Are transferable skills the new experience? - SEEK Career Advice

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Are transferable skills the new experience?

Are transferable skills the new experience?

As the world of work continues to evolve, savvy job-seekers are increasingly relying on their transferable skills to move into new roles and industries. Some people even say transferable skills might be the new experience.

Ecommerce is a great example. Selling via the Internet requires a whole new set of skills. When this field first emerged there were no courses or training opportunities. Candidates used their transferrable skills from sales, marketing or IT to move across and grab these exciting roles. It’s the same with other new fields such as nanotechnology or neuroeconomics.

Just think of search engine optimisation and data analysis roles. When these jobs were born a little over a decade ago, no-one had the exact skills needed. It was their transferrable skills that were used as experience for a foot in the door.

What this all means is that the old career rules that you need experience specific to the job are changing and increasingly the exact technical experience isn’t always essential if you have high-quality transferrable skills.

The advance of automation

Automation is coming in many industries. But that can be a positive. Automation is simply another evolution of the tools we have available to us. Just as the Internet brought with it a plethora of new job titles, so too will further automation. As a result, new opportunities will continue to arise, some that we aren’t even aware of yet. 

We live in a time where the skillsets needed for many jobs are changing faster than organisations can recruit for them. This creates a skills gap and this is where transferable skills play an integral role. People who possess leadership skills, people skills, problem-solving abilities, creativity and other valuable transferable skills will likely find themselves well equipped to handle a changing job market.

Transferable skills transcend the tech industry

Don’t look at a job description and say to yourself: “I can’t do that”. You may not be able to be a ballet dancer or sculptor, but chances are there are many roles in other industries you can do.

Don't look at a job description and say to yourself: “I can't do that”. You may not be able to be a ballet dancer or sculptor, but chances are there are many roles in other industries you can do.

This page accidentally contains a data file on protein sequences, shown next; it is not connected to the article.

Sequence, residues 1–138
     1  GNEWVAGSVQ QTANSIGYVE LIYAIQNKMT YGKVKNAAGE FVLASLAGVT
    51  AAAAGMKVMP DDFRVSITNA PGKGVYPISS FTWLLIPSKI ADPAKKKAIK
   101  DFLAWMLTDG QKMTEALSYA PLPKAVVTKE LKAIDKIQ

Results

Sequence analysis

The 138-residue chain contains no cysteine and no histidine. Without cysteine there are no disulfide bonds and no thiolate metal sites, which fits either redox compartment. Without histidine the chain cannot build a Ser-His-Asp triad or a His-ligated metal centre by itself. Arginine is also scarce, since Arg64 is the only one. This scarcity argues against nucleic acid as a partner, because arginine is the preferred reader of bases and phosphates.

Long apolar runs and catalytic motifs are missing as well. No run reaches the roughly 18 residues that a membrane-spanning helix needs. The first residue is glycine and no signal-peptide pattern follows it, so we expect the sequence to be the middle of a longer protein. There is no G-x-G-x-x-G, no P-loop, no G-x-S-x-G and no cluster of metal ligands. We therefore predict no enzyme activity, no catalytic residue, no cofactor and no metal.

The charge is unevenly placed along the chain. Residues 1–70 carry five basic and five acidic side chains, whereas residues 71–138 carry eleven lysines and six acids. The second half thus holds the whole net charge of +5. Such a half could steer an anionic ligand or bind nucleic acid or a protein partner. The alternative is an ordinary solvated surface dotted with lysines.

Robert Half’s Andrew Brushfield sees many candidates who have sold their transferrable skills as experience. A classic example, he says, are teachers whose expertise transcend many industries.

“We have had many ex teachers go into recruitment and have done a great job,” says Brushfield. “They are able to multi task, to handle time pressure, and are very competent at presenting and communicating in a manner that a lot of people understand. They can simplify potentially complex messages easily,” he says.

Brushfield has placed many candidates from accounting backgrounds into software sales, highlighting their transferrable skills as experience. Some, he says, start by selling accounting software because it’s something they know, and then move onto selling other packages.

Check out this transferrable skills checklist for more ideas of skills you can sell.  

How to leverage your transferable skills

If you want to make the most of your transferrable skills in your resume and cover letter, then focus on what you bring to the role not what you don’t have. Look at the job description and the key skills, says Brushfield, and tie your transferrable skills to those.  

Narrative is becoming increasingly important in selling yourself. The more real life examples of the benefits of your transferrable skills the better.

When applying for the job concentrate on these skills and how they will benefit the new organisation. Outline how your skill could be used in the job.  It may be as simple as having a positive attitude and a passion for people. You could sell those transferrable skills to get a role in a totally different industry in a service or sales role. Data analysis is another good example. If you can analyse data, you can apply those skills to market research, financial planning, insurance and the recruitment to name a few.  

By showing how your transferrable skills link to a new industry you also demonstrate that you’ve done your homework and thought about the role on offer.

Finally, you’ve worked hard for your transferrable skills and really do need to leverage them. Think positively about what you can do and sell this as your experience.